11580 Views 2 Replies Latest reply: Mar 8, 2009 9:57 AM by Old Toad
Welcome to the Apple Discussions. It all depends on the print size what the dpi will be. First crop the picture to the size that's to be printed. Say an 8x10. That will require a pixel dimension of 2400 x 3000 pixels.
Read The Myth of DPI to get an understanding of the relationship between print size and print resolution (dpi).
TIP: For insurance against the iPhoto database corruption that many users have experienced I recommend making a backup copy of the Library6.iPhoto (iPhoto.Library for iPhoto 5 and earlier versions) database file and keep it current. If problems crop up where iPhoto suddenly can't see any photos or thinks there are no photos in the library, replacing the working Library6.iPhoto file with the backup will often get the library back. By keeping it current I mean backup after each import and/or any serious editing or work on books, slideshows, calendars, cards, etc. That insures that if a problem pops up and you do need to replace the database file, you'll retain all those efforts. It doesn't take long to make the backup and it's good insurance.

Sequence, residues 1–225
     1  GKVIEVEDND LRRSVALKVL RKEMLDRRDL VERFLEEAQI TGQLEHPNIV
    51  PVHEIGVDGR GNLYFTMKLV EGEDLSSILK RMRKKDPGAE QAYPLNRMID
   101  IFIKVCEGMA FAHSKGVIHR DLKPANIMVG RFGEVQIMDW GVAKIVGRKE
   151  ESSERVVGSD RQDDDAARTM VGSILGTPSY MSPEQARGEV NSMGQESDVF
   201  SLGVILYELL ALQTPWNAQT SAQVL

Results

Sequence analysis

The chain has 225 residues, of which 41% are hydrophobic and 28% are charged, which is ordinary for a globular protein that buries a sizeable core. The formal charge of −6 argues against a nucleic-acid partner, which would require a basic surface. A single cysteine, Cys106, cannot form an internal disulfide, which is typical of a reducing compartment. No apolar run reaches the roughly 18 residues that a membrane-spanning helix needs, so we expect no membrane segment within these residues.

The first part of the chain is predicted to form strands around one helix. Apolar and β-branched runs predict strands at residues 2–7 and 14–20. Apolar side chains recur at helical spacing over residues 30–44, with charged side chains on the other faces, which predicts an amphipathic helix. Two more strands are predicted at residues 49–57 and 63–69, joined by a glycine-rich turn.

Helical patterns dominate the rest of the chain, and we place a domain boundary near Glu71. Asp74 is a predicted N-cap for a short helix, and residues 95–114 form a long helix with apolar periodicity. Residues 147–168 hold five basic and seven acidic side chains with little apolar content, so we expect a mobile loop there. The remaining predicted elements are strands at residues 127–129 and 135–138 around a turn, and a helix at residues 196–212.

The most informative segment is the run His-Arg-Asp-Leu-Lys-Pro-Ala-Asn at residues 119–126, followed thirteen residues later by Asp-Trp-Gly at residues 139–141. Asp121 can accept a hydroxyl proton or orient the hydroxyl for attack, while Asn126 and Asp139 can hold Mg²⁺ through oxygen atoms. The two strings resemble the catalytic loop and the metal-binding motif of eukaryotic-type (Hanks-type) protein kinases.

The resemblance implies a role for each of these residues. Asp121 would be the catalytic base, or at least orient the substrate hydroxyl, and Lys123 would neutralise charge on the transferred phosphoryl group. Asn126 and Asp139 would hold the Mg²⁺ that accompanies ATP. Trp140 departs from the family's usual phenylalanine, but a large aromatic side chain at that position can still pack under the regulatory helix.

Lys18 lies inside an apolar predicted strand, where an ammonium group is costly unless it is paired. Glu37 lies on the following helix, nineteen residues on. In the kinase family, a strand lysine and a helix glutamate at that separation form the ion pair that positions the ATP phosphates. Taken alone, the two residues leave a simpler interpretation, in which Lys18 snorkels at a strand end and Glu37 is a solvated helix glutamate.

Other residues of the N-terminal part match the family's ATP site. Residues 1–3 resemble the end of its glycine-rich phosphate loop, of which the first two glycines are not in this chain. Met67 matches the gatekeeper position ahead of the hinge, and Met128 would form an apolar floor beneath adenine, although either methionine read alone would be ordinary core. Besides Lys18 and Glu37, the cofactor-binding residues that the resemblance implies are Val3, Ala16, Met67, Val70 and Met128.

I've created an Automator workflow application (requires Tiger or later), iPhoto dB File Backup, that will copy the selected Library6.iPhoto file from your iPhoto Library folder to the Pictures folder, replacing any previous version of it. There are versions that are compatible with iPhoto 5, 6, 7 and 8 libraries and Tiger and Leopard. Just put the application in the Dock and click on it whenever you want to backup the dB file. iPhoto does not have to be closed to run the application, just idle. You can download it at Toad's Cellar. Be sure to read the Read Me pdf file.
NOTE: iPhoto 8's new option in the library rebuild pane, "Rebuild the iPhoto Library Database from automatic backup" may make this tip obsolete. We'll know when users have occasion to use it and see if that's the case.